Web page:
Andrew Kimmel


I am a PhD candidate working with Dr. Kostas Bekris at Rutgers University. My primary research topics are: manipulation and motion planning, planning under uncertainty, and multi-agent systems. In one of my most recent works, we developed a method demonstrating the first instance of robotic handwriting using inhand manipulation on an underactuated hand. I have also recently developed methods for computing feasible motions for robotic manipulators in the context of significant clutter. I have been a core member of the Rutgers team in several robotics competitions, including most recently the Amazon Picking Challenge (2015,2016).

Some of my past research has been on solving multi-agent path planning problems in crowded scenes using only minimal information (i.e. no communication, no centralization). A potential solution to this specific problem is a method which incorporates notions of game theory (minmax regret analysis to be exact) into a decentralized obstacle avoidance and replanning framework, with the objective of more efficiently guiding agents to their goals. You can find out more about this topic at this page here.

I have been funded from past projects involving UGVs for TARDEC with an Army subcontractor, Intelligent Automation Incorporated, where we worked on monocular SLAM problems.

I am also one of the primary developers for the PRACSYS software, our common platform for doing physically-based simulations of autonomous agents, especially for multiple robots.


I am from Reno, Nevada, where I graduated from the University of Nevada, Reno (UNR) in Spring 2012 with a Master of Science in Computer Science. During my master's, I worked at UNR's robotic laboratory, and investigated methods for coordinating teams of agents in a decentralized fashion. You can find more information about this topic on the page that deals with Decentralized Motion Coordination and Team Coherence. I also received my Bachelor of Science in Computer Science from UNR, with minors in Physics and Mathematics.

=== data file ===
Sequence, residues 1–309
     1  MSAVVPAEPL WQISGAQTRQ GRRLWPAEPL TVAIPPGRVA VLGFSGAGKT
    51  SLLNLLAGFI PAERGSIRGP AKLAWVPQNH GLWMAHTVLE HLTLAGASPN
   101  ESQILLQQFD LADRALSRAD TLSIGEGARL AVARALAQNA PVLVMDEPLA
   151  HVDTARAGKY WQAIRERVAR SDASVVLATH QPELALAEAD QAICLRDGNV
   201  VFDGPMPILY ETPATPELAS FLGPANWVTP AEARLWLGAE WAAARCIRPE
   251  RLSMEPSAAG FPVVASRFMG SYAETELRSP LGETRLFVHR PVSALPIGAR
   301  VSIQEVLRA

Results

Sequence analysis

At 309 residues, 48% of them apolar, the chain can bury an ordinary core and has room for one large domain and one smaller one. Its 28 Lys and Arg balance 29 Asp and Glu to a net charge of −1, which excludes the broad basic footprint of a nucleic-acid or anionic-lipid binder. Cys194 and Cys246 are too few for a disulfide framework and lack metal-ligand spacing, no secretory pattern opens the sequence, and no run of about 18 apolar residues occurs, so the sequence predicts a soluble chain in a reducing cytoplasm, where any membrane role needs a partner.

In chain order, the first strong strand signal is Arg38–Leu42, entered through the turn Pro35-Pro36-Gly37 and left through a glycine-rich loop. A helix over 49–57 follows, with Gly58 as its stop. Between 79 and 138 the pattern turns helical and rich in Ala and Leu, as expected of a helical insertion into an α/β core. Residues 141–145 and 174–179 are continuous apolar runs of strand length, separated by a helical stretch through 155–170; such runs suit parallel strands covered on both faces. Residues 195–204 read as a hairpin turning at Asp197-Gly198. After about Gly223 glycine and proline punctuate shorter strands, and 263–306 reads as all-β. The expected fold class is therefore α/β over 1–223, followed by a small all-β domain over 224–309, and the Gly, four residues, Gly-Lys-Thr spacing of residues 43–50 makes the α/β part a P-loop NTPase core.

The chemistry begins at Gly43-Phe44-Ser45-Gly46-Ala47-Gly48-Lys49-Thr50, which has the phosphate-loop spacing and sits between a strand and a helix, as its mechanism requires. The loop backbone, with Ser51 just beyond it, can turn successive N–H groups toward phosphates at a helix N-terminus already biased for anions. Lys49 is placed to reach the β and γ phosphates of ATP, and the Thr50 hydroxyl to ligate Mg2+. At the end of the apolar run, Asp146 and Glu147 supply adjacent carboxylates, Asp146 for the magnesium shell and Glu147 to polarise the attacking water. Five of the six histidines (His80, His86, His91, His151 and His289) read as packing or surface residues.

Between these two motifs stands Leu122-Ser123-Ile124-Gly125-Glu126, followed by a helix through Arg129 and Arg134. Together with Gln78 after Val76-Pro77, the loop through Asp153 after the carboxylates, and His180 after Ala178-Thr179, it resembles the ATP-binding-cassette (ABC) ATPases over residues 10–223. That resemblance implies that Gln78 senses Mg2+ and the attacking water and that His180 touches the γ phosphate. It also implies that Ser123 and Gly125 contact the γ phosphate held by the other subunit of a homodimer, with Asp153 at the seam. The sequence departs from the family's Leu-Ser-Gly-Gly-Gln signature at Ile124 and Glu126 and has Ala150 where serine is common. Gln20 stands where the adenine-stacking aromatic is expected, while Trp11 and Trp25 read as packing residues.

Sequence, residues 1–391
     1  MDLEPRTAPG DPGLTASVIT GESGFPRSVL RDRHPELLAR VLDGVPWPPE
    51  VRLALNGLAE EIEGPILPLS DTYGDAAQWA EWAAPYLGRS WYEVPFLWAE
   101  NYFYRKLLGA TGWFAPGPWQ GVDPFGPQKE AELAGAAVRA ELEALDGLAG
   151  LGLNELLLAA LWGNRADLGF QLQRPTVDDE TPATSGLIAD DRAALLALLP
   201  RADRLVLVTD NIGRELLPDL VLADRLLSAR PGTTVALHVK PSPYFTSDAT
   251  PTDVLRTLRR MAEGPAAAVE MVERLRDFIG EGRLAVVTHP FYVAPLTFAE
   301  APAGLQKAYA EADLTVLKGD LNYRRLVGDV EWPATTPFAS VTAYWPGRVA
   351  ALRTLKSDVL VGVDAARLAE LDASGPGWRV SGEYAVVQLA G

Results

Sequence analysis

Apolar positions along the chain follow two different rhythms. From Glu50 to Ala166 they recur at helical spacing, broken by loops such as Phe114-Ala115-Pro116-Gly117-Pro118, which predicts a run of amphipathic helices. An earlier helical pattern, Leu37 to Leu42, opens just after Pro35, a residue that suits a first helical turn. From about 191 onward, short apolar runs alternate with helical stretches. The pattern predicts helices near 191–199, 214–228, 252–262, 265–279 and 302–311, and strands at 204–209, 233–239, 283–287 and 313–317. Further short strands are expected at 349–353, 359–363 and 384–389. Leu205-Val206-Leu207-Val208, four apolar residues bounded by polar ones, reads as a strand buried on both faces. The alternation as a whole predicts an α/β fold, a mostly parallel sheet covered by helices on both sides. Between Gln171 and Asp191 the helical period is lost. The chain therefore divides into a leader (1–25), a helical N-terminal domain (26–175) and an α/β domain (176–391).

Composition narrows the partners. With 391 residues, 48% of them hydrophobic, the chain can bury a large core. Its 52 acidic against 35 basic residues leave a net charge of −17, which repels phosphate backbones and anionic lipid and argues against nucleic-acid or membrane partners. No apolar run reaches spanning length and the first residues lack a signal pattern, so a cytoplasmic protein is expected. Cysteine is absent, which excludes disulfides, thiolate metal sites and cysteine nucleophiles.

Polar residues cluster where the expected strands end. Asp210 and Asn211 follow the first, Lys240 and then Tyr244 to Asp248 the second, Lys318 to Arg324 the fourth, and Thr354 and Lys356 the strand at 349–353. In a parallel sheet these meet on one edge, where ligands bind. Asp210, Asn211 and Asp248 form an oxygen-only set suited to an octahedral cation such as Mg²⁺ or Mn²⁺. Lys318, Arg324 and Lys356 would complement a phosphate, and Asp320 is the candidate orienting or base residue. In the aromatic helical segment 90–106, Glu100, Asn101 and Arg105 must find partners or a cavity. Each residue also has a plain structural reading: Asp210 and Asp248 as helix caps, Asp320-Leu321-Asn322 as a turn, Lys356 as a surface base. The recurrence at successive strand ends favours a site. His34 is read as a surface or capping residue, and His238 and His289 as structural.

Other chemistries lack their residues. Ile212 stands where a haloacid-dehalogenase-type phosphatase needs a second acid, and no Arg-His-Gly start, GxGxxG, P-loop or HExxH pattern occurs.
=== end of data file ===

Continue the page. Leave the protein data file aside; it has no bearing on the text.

• WiELD-CAVE: Wireless ergonomic lightweight device for use in the CAVE. Joshua Hegie, Andrew Kimmel, Kelvin Parian, and Sergiu M. Dascalu, Frederick C. Harris, Jr.Journal of Computational Methods in Science and Engineering, 2010, 177-186.
    • Transient Characteristics of Two-Phase LNG Expanders;
      Finley, C.D., Kimmel A. et al.; AIChE Spring National Meeting 2007
    • Effect of Quadratic Fluid Damping in Two-Phase Liquefied Natural Gas; Kimmel, A.; AIChE Spring National Meeting 2007
    • Pressure Induced Non-Linear Oscillations in Two-Phase LNG Pipe Flow; Kimmel, A.; AIChE Spring National Meeting 2006

Teaching Experience


    • Robert Gross, 2014-2016, Sophomore to Senior (continued graduate school)
    • Joseph Jaeger, Summer 2013, Senior (continued graduate school)
    • Poorva Sampat, Summer 2014, Freshman
    • Meera Murti, Summer 2014, Freshman
    • Billy Grant, Summer 2014, Freshman

    Teaching Assistant

    • Rutgers: CS 112 - Data Structures (two semesters)
    • UNR: CS 365 - Math of Computer Science
    • UNR: CS 282 - Simulation Physics
    • UNR: CS 105 - Intro to Computing
    • UNR :CS 135 - Computer Science I


  • Rizvi Graduate Fellowship (2018)
  • College of Science Dean's List (x2)
  • College of Engineering Dean's List (x3)
  • Millennium Scholarship 2004- 2009
  • Silver State Scholarship from 2004-2007
  • Member of Tau Beta Pi the Engineering Honors Society
  • NSF Scholarship to attend AAMAS (2012), CASE (2017), ISER (2018)
  • Conference Travel Awards from Rutgers University to attend DARS (2014), ICAPS (2016)
  • Workshop Organizer at CASE (2016)

Contact Info

Department of Computer Science
Rutgers, The State University of New Jersey
110 Frelinghuysen Road
Piscataway, NJ 08854-8019, USA

email :
Office: CBIM A